The first topic I taught on was “How to Plan a Training” and as it was a practical session I was basically teaching them formally via the info on the slide as well as via my own presentation styles.
The next topic I did was medical ethics – which is a personal favorite of mine to teach, and it was a hit lol. The questions and contributions were numerous, and by the end of the session they could chorus the ABCDEF of Medical Ethics (Autonomy, Beneficence, Confidentiality, Do no harm, Equality/Equity, Fairness).
Cross-Section of the amazing participants
After the day’s sessions we went on a walk around the city, and I had their fried rice which was delicious, and I tried Kelewele (which is spicy fried plantain & groundnuts) which was equally nice!
Fried rice, chicken, salad with Ketchup & Mayonnaise – and it tasted awesome!
Day two, I had 4 sessions! You see what I mean when I say I had to work late in preparations lol. I spoke on Discrimination, Peace & Conflict, Sexual and Reproductive Health and Rights, and Gender Based Violence. I had a headache afterwards haha, but I left the sessions sure that I had imparted knowledge, so it was worth it!
Shout out to Sarabelle for this photo which she posted on whatsapp that led to me speaking to her friend via voice note about sexual rights and their infringements 😂🙌🏽
Got a few souvenirs then Efua took me out to dinner at Ike’s café and Grills (yes, there was a Nigerian owned restaurant in the Kumasi Cultural centre lol) and I had the famous Ghanaian jollof rice!
On my plate was Jollof rice, fried chicken, shito (a Ghanaian spicy sauce), salad and plantain. I’d say that when the rice is eaten along with all these additions its delicious, but in a stand alone competition against Nigerian jollof rice – Nigerian jollof wins hands down!!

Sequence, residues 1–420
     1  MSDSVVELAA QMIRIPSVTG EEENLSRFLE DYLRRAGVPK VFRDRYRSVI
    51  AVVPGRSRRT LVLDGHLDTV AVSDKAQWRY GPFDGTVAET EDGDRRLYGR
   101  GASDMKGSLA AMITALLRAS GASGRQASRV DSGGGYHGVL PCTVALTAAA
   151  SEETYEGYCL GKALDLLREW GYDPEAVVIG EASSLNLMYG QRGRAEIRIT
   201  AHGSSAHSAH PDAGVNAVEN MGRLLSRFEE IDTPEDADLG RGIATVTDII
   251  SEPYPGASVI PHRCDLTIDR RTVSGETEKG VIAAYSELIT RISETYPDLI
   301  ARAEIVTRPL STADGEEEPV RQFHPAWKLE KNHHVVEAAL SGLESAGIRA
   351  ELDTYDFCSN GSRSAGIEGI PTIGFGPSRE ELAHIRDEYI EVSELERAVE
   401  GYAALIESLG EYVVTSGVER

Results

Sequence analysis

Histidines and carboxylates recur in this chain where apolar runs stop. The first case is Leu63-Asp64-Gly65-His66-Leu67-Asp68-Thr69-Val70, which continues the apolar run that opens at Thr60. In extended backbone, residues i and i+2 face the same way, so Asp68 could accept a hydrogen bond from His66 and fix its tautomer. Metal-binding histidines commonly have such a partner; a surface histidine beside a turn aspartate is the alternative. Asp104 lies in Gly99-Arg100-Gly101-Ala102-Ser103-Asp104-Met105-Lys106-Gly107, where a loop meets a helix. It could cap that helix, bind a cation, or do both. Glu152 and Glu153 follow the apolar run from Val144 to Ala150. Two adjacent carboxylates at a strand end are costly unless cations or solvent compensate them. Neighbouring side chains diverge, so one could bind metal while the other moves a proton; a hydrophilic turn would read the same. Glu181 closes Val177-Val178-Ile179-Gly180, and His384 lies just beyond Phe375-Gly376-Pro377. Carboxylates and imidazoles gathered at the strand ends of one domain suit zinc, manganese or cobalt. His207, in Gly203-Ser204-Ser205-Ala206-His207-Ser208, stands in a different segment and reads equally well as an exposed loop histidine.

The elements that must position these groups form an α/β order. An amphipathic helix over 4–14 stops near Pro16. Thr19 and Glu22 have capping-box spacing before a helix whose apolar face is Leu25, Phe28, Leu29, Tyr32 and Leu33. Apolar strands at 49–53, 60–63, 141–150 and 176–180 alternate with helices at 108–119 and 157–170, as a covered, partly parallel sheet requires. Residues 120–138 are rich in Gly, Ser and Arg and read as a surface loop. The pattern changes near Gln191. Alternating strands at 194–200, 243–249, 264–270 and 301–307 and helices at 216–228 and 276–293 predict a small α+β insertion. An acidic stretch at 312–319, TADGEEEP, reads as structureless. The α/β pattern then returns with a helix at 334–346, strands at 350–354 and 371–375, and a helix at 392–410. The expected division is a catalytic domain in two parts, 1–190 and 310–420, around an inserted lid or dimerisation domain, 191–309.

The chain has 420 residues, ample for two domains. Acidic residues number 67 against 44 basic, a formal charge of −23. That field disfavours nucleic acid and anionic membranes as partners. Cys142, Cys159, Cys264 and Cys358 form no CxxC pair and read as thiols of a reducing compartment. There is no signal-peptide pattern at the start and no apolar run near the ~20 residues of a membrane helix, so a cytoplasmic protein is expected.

Dinner with Efua, the Present Regional Assistant for Africa in the IFMSA Standing Committee On Capacity Building, also known each other since 2016 💕
I really enjoyed my short stay in Ghana, and truly hope to be back soon so I can experience more of it and see the lovely people time didn’t allow me to meet this time around!
Some more photos for your perusal:
Ghanaian food is very welcoming to a continental palate, this club sandwich I had for breakfast on my way to the airport was scrumptious.
Sarabelle checking her envelope for secret or not so secret messages lol
They’re big on garnishing their foods with different side attractions lol
I visited the Okomfo Anokye Sword site where, according to mythical folktale, Okomfo Anokye’s sword is fastened to the ground and no one has been able to pull it out! Giving you Thor vibes eh? Ghanaian government then built this structure around the site and charge people to view the sword – in the past people used to try to remove it but that’s not allowed anymore lol.
Okomfo Anokye’s immovable sword
Statue of Otumfuo Osei Tutu II, King of the Asantehene (Ashanti Tribe) who is also renowned to sit on the sacred, holy, Golden Stool. History states there was a whole war called the war of the Golden stool, when the British colonialist demanded to sit on the stool as a means of enforcing control over the Ashanti tribe – this request did not sit well with the people and a war ensued very quickly in response. The result was a de facto independent Ashanti state under British protectorate and Ashanti retained control of the Golden Stool.
Till next time,
Dr. ETP xo